Re-Thinking Displaced Kenyans

An important shift has taken place in how we think about Displaced Kenyans. As their ongoing presence in unsafe, makeshift camps rife with disease and sexual violence continues to embarrass our national leaders, our leaders are experiencing compassion fatigue.

Displaced Kenyans are increasingly portrayed as stubborn children who resist the government’s resettlement schemes. Once objects of compassion, they are now victims who revel in their victimhood.

William Ruto, the controversial minister for Agriculture, is one of these figures leading what, borrowing from the U.S., we might call compassionate conservatism. As the Daily Nation reports, Ruto says that Displaced Kenyans should be re-settled on their farms by the government.

Obviously, the irony is lost on Ruto that the very agents whose vacillations and falsehoods led to displacement now seek to re-settle Displaced Kenyans.

Even more troubling, Ruto is blind to ongoing ethnic tensions. In responses to expressed fears that further violence might break out on farms, Ruto brashly argues that “peace” has returned to Kenya. In a Kenya where ethnic groups across affected areas have vowed “never again,” it is worrying, though not surprising, to see Ruto remain deaf to chatter on the ground.

It is not surprising because by claiming that peace has returned, Ruto can re-fashion Displaced Kenyans as self-created victims, people who stubbornly refuse to move on, even though they have been given every opportunity. Worse, like those infamous “welfare queens” in the U.S., who supposedly took government welfare checks and drove around in expensive cars, a lie peddled to great effect by Ronald Reagan, Displaced Kenyans seem to want their status.

In what is probably the most callous statement of the year so far, Franklin Bett, the minister for Roads, has claimed that some Kenyans are “masquerading” as poll victims to defraud the government.

Apparently, the status of Displaced Kenyan carries some kind of status and prestige and cons have decided to cash in.

By claiming that some Displaced Kenyans are not really displaced, Bett not only diminishes the ongoing struggles faced by Displaced Kenyans, struggles to find clean water, sanitary waste disposal spaces, adequate food, money for school fees, personal and familial safety, and desperately needed medical attention, he also, sadly, transforms Displaced Victims from victims of systemic government corruption and failure into criminals.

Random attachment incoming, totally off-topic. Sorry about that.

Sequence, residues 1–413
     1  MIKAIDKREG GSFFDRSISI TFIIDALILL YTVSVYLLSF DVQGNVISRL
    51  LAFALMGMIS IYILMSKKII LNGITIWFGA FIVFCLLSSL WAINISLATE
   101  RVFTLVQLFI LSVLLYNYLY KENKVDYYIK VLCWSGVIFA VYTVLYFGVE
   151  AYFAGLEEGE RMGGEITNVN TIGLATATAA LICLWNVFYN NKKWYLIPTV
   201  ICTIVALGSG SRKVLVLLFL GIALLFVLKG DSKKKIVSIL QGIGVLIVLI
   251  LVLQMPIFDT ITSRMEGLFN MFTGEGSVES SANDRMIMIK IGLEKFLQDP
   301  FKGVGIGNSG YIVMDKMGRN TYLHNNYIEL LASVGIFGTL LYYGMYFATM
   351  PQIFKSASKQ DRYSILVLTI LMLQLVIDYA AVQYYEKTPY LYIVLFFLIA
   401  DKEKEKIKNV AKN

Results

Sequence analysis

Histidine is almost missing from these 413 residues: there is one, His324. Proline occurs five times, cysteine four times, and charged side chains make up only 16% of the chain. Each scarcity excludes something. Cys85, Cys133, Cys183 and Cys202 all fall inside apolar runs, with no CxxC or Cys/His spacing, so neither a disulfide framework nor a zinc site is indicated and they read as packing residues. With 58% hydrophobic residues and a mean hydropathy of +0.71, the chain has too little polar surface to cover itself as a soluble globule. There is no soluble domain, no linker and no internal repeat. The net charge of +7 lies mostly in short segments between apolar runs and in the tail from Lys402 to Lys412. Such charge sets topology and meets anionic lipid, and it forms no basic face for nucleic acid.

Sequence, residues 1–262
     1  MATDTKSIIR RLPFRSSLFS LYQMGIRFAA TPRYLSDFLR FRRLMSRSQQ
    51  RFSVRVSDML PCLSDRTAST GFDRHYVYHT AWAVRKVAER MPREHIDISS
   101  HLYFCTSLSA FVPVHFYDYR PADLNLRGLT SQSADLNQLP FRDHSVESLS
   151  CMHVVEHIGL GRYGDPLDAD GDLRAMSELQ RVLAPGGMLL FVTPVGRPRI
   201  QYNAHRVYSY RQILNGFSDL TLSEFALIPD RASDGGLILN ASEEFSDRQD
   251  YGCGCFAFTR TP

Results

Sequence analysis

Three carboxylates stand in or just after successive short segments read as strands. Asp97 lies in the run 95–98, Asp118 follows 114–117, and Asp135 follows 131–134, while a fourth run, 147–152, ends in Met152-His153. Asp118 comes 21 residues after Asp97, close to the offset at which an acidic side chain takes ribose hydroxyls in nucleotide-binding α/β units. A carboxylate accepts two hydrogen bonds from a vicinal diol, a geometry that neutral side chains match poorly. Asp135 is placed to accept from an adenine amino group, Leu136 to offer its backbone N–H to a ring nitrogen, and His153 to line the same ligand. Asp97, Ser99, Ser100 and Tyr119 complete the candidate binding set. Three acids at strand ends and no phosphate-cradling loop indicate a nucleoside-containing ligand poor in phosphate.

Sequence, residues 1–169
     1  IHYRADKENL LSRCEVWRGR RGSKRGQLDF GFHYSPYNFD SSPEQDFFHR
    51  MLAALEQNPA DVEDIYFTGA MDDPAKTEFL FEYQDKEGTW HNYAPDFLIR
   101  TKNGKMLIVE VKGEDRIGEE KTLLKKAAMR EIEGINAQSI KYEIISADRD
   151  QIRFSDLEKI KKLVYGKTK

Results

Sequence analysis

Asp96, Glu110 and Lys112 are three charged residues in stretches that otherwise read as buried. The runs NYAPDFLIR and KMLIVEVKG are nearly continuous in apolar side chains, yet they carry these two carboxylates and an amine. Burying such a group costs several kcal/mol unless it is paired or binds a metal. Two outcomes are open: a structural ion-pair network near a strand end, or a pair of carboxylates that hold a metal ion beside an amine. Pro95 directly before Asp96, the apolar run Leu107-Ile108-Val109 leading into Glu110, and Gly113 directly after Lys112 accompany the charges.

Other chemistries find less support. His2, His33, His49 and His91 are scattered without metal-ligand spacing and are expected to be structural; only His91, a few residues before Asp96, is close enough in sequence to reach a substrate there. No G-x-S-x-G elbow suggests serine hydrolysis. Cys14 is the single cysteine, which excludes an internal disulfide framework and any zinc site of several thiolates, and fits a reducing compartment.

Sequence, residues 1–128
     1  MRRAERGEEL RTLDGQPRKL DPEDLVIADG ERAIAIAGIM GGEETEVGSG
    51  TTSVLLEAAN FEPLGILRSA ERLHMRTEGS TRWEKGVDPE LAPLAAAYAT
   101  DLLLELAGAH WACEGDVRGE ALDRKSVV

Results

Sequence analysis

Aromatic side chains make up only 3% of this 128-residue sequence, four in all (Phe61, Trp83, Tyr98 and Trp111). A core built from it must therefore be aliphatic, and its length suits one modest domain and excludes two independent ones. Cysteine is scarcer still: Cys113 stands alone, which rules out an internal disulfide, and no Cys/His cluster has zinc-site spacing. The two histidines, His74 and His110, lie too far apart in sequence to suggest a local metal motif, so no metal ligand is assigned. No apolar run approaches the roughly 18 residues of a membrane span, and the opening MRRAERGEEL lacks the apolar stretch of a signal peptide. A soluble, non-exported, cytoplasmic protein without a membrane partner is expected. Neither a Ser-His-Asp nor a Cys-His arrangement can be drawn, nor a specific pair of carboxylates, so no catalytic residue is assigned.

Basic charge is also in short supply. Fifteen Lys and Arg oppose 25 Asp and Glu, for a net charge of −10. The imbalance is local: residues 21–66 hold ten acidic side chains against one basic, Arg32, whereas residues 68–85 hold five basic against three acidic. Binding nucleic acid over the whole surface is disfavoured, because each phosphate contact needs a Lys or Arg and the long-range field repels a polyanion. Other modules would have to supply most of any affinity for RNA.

There is no pride in being a Displaced Kenyan. It is a shame-filled terrible state. Many of those in camps once had flourishing farms and businesses. These were destroyed in terrible and tragic circumstances, and many were lucky to escape with their lives, though their families were destroyed and many continue to carry physical and psychic scars that will haunt them for the rest of their lives.

Displaced Kenyans are not criminals, nor are they opportunistic victims looking to get free handouts from the government. If they stay in unsanitary and unsafe camps because they believe the threat of violence is too great for them to return to whatever remains of their homes , many of which were burned and utterly destroyed, then the government needs to take their concerns seriously.

Instead, by criminalizing Displaced Kenyans, leaders such as Ruto and Bett reveal their own lack of compassion, their lack of understanding about the plight of the very people they claim to represent and serve.

Displaced Kenyans are not strangers. They are us. And their tragedy is not theirs alone. It is our tragedy and our shame. We cannot, must not, let the government criminalize them and abrogate its responsibilities to them and to us.